Lockheed Delivers Gear For Geosynchronous Orbit Satellite

By | May 8, 2006 | Uncategorized


Lockheed Martin Corp. delivered components for the first geosynchronous orbit (GEO) satellite in the Space-Based Infrared System (SBIRS), the missile warning system, according to the company.
The software will provide for the effective control and testing of the spacecraft Pointing and Control Assembly (PCA), both of which were delivered to Northrop Grumman Electronic Systems for payload integration and testing.
SBIRS is a multifaceted asset that can provide missile defense, technical intelligence and battlespace characterization, simultaneously. It boasts both scanning and staring sensors.
The GEO PCA features a Lockheed Martin patented reaction-less gimbal system, which allows the satellite to scan an area of interest rapidly and repeatedly for infrared activity, while not interfering with the satellite’s ability to stare at another area simultaneously.
The completed payload is to be delivered to Lockheed Martin in mid-2007 for final spacecraft assembly, integration and test in preparation for launch in fiscal year 2008.
"The PCA and its associated software are essential to the vital capabilities that SBIRS will provide to the warfighter," said Mark Crowley, Lockheed Martin SBIRS vice president
"The team continues to perform with sustained momentum and a relentless focus on achieving mission success on this critical national program."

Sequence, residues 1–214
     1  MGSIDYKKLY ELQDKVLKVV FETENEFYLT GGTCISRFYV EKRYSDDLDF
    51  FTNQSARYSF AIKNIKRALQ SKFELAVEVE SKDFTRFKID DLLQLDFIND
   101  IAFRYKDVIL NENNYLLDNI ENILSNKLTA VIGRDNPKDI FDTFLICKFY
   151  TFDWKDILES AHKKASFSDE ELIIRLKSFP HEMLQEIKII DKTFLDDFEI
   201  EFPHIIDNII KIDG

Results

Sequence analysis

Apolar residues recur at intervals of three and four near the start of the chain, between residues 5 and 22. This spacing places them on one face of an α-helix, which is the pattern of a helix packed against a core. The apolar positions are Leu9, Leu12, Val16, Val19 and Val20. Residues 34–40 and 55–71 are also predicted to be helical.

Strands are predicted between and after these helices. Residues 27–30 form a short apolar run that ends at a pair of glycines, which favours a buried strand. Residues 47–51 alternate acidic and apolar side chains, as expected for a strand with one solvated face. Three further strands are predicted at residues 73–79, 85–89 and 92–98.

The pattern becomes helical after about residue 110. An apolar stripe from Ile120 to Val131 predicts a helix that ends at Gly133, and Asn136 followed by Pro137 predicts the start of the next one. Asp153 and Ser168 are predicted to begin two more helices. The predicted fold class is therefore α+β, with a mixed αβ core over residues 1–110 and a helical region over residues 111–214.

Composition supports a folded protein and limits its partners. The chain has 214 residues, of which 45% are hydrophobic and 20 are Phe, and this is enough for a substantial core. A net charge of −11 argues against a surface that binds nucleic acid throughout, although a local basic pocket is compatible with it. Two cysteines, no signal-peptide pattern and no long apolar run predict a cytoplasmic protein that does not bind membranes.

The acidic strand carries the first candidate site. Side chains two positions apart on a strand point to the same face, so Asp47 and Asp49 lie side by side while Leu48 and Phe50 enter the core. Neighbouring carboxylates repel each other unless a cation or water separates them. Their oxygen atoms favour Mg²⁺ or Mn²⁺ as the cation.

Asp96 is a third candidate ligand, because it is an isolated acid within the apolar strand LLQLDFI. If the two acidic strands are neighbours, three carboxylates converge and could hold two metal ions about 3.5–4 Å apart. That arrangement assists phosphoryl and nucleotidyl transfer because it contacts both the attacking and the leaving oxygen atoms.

The team is also in the midst of an important spacecraft test phase at Lockheed Martin facilities in Sunnyvale, Calif.
Known as Spacecraft Functional Testing (SCFT), this major milestone will verify the functional requirements of the GEO spacecraft and further assure that the structure is assembled to specification, according to Lockheed. The spacecraft is tested at ambient conditions to verify correct operation of the electrical power, command and data handling, thermal management, guidance navigation and control, communication and propulsion subsystems.
Following successful completion of SCFT, the team will prepare the spacecraft for engineering thermal vacuum testing which will verify the spacecraft performance at temperature extremes greater than those expected during on-orbit operations.
Lockheed Martin currently is under contract to provide two payloads in highly elliptical orbit (HEO) and two GEO satellites, as well as fixed and mobile ground-based assets to receive and process the infrared data.
The team has delivered both HEO payloads and is on track to launch the first GEO satellite in the fiscal year ending Sept. 30, 2008.

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